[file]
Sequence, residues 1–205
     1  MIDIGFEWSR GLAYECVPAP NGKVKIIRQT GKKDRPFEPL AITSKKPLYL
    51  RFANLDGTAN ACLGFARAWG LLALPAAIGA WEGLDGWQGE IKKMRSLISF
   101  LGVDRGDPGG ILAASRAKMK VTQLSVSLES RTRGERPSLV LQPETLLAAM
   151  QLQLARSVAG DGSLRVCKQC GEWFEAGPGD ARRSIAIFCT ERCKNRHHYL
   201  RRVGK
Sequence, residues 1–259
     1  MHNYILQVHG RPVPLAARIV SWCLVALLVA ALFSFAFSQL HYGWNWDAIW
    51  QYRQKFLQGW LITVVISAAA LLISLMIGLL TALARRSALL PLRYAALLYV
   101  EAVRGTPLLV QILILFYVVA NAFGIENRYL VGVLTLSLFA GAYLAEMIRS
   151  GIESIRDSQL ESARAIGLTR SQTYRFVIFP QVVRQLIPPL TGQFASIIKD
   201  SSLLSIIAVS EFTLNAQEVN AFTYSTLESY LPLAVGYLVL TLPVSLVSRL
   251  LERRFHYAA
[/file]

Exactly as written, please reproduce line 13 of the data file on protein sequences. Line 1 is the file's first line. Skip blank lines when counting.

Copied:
   251  LERRFHYAA